Sergey Brin is listed as one of the inventors of a binocular Google Glass device that the Mountain View company recently patented. It doubles the amount of virtual vision space that it can overlay in an augmented reality display and uses laser-positioning beams to fine-tune image alignment on what in most cases will be a curved and sometimes flexing surface: the inside of the glasses’ lens.
Unfortunately, it could also be much less cool than the Geordi LaForge-style one-lens Google Glass that we’ve all seen:
The key challenge that this invention for binocular head-mounted displays is designed to overcome? Not making users dizzy and potentially sick.
As the patent application states:
One technological hurdle to overcome to further encourage marketplace adoption of HMD technology is identifying and compensating for binocular HMD deformation. Deformation of a binocular HMD can lead to deleterious misalignment between the left and right image displays of the binocular HMD. These misalignments can result in a blurred or otherwise compromised image as perceived by the user, which ultimately leads to a poor user experience (disorientation, dizziness, etc.). Deformation can occur due to a variety of reasons including misuse, poor user fit, nonsymmetrical facial features, harsh environmental factors (e.g., thermal warping), or otherwise.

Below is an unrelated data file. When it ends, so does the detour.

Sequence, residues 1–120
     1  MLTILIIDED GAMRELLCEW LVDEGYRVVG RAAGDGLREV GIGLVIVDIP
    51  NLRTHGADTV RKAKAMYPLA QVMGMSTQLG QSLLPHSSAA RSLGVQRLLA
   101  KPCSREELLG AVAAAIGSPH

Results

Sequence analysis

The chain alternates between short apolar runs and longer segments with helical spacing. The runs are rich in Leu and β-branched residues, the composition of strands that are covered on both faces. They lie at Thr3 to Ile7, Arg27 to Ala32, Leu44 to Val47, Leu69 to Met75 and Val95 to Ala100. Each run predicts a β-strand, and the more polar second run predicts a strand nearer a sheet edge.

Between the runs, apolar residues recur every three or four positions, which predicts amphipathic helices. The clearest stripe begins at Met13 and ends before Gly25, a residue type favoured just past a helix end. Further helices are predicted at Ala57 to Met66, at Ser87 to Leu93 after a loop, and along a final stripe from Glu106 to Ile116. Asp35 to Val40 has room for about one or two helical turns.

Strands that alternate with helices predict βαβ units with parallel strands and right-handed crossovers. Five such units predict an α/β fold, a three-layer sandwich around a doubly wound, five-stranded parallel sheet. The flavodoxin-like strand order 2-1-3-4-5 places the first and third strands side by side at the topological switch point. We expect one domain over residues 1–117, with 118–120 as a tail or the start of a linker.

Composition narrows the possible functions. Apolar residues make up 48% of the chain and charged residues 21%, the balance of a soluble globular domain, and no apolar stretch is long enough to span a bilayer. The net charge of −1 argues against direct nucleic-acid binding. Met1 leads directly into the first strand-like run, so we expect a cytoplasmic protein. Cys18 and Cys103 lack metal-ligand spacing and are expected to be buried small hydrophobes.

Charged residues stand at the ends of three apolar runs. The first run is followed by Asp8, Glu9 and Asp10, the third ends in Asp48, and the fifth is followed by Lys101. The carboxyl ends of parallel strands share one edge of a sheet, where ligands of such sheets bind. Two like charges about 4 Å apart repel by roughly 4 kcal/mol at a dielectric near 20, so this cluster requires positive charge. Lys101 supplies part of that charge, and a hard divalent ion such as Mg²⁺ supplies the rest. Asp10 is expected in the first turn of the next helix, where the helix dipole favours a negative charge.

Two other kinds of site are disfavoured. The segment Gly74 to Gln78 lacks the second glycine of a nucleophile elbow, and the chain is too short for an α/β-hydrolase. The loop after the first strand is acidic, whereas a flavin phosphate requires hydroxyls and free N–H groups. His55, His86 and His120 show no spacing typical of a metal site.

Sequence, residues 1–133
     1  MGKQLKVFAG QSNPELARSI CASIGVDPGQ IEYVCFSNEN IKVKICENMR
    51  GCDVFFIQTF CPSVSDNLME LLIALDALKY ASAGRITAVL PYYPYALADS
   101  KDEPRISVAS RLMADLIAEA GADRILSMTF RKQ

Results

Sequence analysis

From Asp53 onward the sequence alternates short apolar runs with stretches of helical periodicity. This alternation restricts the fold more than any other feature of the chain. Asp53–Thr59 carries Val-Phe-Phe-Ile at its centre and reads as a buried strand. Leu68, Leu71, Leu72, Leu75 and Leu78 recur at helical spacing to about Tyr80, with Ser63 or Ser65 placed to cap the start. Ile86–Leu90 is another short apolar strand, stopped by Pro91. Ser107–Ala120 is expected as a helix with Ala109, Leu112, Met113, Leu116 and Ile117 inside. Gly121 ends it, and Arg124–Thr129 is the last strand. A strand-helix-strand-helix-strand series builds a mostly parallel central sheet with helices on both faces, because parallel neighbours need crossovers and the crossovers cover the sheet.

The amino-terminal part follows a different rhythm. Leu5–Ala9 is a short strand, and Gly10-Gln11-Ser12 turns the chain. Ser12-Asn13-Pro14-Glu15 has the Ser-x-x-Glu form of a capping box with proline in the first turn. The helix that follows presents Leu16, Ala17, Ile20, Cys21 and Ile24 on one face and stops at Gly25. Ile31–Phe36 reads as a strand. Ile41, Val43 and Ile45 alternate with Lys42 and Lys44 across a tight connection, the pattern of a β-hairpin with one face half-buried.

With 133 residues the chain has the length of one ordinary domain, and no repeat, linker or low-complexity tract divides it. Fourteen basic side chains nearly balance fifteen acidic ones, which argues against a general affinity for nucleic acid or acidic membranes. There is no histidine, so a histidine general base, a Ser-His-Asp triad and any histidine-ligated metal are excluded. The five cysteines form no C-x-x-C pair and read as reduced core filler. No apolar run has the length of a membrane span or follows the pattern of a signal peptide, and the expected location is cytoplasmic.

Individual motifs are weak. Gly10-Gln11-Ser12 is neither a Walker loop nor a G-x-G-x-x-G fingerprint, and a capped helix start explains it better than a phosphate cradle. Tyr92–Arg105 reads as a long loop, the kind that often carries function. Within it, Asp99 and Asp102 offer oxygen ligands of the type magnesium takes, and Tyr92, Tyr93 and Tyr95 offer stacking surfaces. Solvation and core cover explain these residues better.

Essentially, if the glasses change shape for any reason, the image will warp, and this will compromise your user experience. It’s yet another example of how the most amazing inventions — full-scale augmented reality in a pair of glasses — can have issues with the simplest of problems: Our heads are not all the same shape or size.
But Google is sweating the details in a very Apple-like way to ensure Glass will have a great user experience whether you use one eye or two.
For more images from the patent application, scroll through this gallery: